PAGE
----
Monopolistic Competition, Credibility and the Output Costs of Disinflation Programs: An Analysis of Price Controls
Brazil, Argentina and Israel all used price controls as part of disinflation programs in 1985-1986. In each case they were intended to break an "inertial" component of inflation. This paper focuses on a specific mechanism through which inflation inertia can emerge: the interaction between lack of credibility of government monetary policy announcements and the price setting behavior of forward looking firms. We show that this interaction can lead to inertia extending well beyond the price setting period; that is important since the price setting period is likely to be short in high inflation economies. We develop an open economy macromodel in which firms set prices before uncertainty about government monetary policy is resolved. Lack of credibility is then shown to lead to output losses during a disinflation program. We demonstrate the effects of price controls and show that their temporary use can be defended on welfare grounds. The paper analyzes asset price behavior during disinflation programs with and without price controls and the influence of credibility problems. We discuss nominal and real interest rates, the stock market and exchange rates. Finally we show that if past government policy has any information content about future government policy, cheating on current announcements of tight policy buys current employment gains during the price control period at the cost of higher inflation afterwards. Sustaining low inflation after the price control period thus requires restrictive monetary policy during the price control period.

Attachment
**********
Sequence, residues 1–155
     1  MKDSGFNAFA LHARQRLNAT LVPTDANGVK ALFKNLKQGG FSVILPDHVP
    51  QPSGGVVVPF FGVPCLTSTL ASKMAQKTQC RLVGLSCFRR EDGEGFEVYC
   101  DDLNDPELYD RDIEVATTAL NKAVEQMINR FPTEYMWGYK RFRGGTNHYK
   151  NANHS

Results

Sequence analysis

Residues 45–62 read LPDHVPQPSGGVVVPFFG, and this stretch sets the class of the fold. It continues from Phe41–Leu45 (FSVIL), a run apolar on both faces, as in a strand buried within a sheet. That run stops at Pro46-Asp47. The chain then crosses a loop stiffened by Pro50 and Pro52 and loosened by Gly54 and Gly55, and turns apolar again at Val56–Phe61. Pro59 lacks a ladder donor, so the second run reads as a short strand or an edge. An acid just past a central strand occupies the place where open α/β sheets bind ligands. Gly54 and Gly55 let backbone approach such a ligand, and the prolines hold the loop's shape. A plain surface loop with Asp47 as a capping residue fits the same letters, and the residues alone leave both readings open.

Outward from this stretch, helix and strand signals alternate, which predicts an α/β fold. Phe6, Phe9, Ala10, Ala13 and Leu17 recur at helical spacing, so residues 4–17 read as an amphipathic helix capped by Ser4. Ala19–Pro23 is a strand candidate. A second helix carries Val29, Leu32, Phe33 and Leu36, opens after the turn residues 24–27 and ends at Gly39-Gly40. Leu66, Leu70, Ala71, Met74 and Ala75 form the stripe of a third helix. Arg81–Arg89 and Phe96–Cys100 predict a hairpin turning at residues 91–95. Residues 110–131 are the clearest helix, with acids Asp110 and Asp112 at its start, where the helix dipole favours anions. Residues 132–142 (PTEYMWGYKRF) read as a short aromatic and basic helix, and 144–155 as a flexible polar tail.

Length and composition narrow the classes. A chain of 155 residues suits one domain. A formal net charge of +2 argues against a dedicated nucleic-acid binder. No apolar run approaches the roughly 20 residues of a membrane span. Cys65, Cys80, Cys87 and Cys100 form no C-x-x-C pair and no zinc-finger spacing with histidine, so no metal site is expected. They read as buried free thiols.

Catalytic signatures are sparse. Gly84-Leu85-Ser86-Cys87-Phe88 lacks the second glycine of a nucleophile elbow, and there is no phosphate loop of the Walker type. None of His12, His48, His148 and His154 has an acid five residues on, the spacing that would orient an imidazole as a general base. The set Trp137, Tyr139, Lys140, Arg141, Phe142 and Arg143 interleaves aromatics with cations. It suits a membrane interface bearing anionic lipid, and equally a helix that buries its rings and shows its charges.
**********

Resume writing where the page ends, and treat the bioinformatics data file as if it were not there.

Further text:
Published: van Wijnbergen, Sweder. "Monopolistic Competition, Credibility and the Output Costs of Disinflation Programs: An Analysis of Price Controls." Journal of Development Economics, Vol. 29, no. 3, (November 1988): pp. 375-398.